A powerful windstorm swept across Vermont in April 2007. It did more damage to Central Vermont Public Service's system than any storm in the utility's history. But, Central Vermont Public Service (CVPS; Rutland, Vermont, U.S.) was ready for it, thanks to advance warning from a local contracted weather forecaster. And, when calls started pouring in from some of the 67,000 CVPS customers left without power, the utility was ready for that, too, thanks to an automated outage management system (OMS) implemented by Intergraph Corp. (Huntsville, Alabama, U.S.).

The restoration effort proved to be the largest in CVPS's history. With guidance from the OMS and assistance from 105 outside line crews, CVPS was able to restore power to 50% of the customers less than 48 hours after the storm and to all customers within five days. The utility estimates that without the OMS the average outage duration would probably have been twice as long, and CVPS would have incurred at least US$1 million in additional expenditure on outside crews.


CVPS supplies electricity to 158,000 residential and commercial customers in 152 communities spread throughout the Green Mountain state. Although the majority of its meters are located in the southern two-thirds of the state, pockets of additional customers reside in the northern area close to the Canadian border, effectively making the entire state part of the utility's service territory.

CVPS may be considered small in terms of total meters served, but the utility has always taken pride in staying at the forefront of automation and information technologies. In 1997, it implemented the Intergraph FRAMME package as its facilities management system to maintain a digital connectivity model of the entire distribution network. After a decade of successful service, CVPS is currently upgrading this system.

In addition, the CVPS T&D Operations and Engineering Group spearheaded development of a homegrown work management system (WMS) in 1996 to oversee design, scheduling, construction, and posting of all distribution maintenance and capital work. As work is completed by the field, data/facility management technicians (DTs) input detailed utility equipment and facilities data into the WMS. Information relating to these equipment repairs and installations is transmitted weekly from the WMS to the facilities connectivity model via an interface. The utility also maintains a customer information system (CIS), which interfaces with the facilities management and work management systems, as well as the OMS.

In 1999, CVPS became an early adopter of automated outage management technology when it implemented Intergraph's InService OMS package. InService integrated directly with the utility's existing facilities management system to provide real-time analysis of conditions across the distribution network. This allows the Resource Scheduling Group to optimize network usage during normal operations and to trace faults back to their source during outage events.


In April 2007, CVPS knew from weather reports that one of New England's famous nor'easters was heading toward Vermont. The local weather forecaster predicted 70-mph (113-kmph) winds in the CVPS territory. This advance warning gave the utility nearly four days to make sure all of its 45 line crews were on call and to notify mutual-aid utilities as far away as Connecticut and Ontario, Canada, that CVPS might need outside help to recover from the damage that was sure to come.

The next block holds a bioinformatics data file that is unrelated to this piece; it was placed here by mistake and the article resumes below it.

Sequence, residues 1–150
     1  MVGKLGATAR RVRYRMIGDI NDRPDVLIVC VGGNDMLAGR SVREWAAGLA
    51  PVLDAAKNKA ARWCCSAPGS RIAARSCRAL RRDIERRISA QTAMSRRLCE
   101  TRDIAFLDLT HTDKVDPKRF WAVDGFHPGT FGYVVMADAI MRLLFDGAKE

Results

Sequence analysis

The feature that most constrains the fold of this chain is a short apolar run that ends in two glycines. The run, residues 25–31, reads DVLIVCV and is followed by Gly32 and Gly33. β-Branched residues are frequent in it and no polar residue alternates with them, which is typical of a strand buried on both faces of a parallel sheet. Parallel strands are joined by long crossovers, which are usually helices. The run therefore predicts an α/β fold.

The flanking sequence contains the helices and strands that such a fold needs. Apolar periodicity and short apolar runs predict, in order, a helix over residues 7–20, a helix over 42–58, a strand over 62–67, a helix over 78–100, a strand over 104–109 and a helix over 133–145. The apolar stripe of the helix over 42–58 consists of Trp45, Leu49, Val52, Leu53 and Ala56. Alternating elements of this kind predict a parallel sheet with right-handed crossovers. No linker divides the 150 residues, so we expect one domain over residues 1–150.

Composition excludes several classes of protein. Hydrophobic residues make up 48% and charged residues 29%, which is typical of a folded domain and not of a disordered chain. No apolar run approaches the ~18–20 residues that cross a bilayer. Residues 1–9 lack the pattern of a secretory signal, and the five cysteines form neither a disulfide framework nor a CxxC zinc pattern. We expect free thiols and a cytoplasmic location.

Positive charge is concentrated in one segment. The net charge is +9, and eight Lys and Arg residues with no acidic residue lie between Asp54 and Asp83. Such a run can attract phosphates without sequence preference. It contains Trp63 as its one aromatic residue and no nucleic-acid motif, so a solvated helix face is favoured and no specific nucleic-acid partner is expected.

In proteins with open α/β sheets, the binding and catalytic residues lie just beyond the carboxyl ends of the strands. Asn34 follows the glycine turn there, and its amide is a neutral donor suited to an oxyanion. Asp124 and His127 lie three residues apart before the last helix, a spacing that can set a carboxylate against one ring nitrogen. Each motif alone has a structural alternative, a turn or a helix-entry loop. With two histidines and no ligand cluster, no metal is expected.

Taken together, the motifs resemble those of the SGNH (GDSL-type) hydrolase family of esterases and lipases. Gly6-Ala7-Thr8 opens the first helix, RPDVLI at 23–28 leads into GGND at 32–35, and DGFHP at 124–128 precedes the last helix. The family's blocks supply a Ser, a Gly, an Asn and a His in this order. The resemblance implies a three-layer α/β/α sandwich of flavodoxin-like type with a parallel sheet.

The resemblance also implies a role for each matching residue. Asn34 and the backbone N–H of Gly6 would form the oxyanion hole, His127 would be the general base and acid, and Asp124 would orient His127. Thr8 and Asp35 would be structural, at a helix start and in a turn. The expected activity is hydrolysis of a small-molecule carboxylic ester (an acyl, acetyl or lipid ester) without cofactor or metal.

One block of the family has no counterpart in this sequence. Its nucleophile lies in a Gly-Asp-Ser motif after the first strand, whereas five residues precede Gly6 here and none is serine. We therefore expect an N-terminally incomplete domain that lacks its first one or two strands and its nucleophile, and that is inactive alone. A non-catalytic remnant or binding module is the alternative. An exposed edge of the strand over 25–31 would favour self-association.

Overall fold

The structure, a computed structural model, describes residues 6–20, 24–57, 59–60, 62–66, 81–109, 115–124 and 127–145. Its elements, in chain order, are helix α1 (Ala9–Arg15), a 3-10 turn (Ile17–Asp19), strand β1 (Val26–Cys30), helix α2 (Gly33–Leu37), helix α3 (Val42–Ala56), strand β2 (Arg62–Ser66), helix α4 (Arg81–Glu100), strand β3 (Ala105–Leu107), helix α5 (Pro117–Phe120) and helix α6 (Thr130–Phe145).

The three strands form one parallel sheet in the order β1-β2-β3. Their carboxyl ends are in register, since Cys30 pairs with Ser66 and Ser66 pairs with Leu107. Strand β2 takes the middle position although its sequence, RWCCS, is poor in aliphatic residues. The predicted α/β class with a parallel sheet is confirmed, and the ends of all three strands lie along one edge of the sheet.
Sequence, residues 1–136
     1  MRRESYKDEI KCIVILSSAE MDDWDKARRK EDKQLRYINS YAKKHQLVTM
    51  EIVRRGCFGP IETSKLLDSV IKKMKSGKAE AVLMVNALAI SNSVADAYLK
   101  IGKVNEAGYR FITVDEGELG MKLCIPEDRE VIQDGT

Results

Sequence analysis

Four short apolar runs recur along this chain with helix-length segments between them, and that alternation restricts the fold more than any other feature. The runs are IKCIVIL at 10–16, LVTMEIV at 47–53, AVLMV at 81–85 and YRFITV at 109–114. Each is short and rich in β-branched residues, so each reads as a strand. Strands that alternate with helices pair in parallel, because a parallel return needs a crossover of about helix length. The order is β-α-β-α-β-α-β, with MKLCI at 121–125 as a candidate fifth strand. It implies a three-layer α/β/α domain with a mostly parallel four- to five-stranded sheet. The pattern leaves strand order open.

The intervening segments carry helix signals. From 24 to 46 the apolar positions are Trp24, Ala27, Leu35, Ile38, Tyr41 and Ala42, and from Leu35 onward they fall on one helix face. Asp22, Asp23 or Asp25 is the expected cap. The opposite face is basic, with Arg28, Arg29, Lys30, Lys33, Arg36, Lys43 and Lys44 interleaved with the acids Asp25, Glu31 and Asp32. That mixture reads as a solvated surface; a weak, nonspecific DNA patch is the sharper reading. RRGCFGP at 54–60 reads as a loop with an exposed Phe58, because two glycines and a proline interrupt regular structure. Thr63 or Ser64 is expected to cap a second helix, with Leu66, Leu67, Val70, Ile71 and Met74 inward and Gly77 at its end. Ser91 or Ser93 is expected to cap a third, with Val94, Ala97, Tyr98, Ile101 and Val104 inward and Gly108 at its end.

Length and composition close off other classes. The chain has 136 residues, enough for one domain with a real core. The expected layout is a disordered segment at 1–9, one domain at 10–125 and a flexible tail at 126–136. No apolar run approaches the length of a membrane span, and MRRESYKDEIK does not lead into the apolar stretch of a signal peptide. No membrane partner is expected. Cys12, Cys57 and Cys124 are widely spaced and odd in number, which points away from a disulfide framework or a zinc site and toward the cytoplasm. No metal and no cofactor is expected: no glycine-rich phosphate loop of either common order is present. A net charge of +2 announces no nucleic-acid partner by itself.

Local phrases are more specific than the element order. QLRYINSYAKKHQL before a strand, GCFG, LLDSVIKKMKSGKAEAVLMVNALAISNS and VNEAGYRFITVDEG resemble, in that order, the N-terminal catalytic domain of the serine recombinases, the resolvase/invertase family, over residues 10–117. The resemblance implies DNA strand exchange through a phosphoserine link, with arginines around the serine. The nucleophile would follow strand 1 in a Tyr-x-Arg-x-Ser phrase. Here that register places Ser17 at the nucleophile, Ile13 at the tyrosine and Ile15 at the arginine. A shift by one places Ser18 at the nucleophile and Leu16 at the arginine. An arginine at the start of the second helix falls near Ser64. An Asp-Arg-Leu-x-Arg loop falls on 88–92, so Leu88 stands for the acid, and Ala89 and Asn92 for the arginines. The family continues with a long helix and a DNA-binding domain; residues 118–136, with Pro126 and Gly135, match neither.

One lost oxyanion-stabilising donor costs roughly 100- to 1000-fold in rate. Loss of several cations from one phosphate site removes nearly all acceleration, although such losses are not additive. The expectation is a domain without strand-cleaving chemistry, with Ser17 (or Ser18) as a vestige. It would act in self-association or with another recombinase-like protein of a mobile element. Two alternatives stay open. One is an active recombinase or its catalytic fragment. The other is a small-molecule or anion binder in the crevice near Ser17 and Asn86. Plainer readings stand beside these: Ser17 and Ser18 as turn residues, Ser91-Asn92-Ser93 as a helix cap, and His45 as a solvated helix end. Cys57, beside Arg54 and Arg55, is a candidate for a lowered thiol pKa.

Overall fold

Ninety percent of Vermont's bad weather comes from the west, but this nor'easter blew in from the opposite direction. Trees are not accustomed to high wind speeds and heavy loadings from this direction. As a result, CVPS anticipated extensive outages from power lines downed by fallen trees.

The storm lived up to expectations and even threw in a few microbursts to keep things interesting. After an intense four or five hours, the nor'easter passed, and the CVPS service territory recorded power outages to more than one-third of its customer base, caused by 2000 instances of downed lines, broken poles, and damaged distribution and transmission equipment. The only good thing about the storm was that it ended quickly without lingering weather disturbances, allowing CVPS to begin restoration immediately.


During and after the storm, customers called the utility to report outages in their areas. An interactive voice-response (IVR) system gave them the option of talking to a customer care advocate (CCA) or simply choosing “power outage” from a recorded menu selection. The IVR fed the outage reports into the CIS, which was also being directly accessed by the CCAs, who collected outage details.

The CIS database identified each customer by name or phone number and searched its files to link that caller's meter location with the appropriate electric line and pole. This line and pole identification, along with specific outage causes noted by call takers, was passed directly from the CIS to the OMS for processing.

Based on the flood of incoming calls, the OMS continually ran fault traces on the network connectivity models to narrow each outage down to a specific line segment, line, fuse, transformer or substation. The OMS collected a large volume of data in a hurry and showed CVPS the scale of its problem.

The OMS gets the utility to where it can send a crew to the right location. The utility has a centralized dispatch room in Rutland with up to 16 workstations active during a storm like the 2007 event. Each dispatch workstation has access to the digital OMS map display, which shows the facilities network overlaid on a transportation grid.

The OMS automatically placed icons to denote the locations of outage calls and their possible sources. By clicking on the screen, the dispatcher could cross reference a specific problem with a street address, which was then radioed to a line crew. Countless hours were saved during the restoration efforts because we were able to send crews directly to the locations of downed lines or damaged equipment, enabling faster service restorations.

With nearly 2000 individual incidents of damage to the CVPS transmission and distribution facilities, the utility took advantage of another powerful OMS capability — outage prioritization. The system provided dispatchers with the information they needed to priortize the problems. Specifically, the OMS could be queried to determine how many downstream customers were impacted by each problem. Those causing the greatest numbers of customer outages were the first to have crews dispatched to the scene.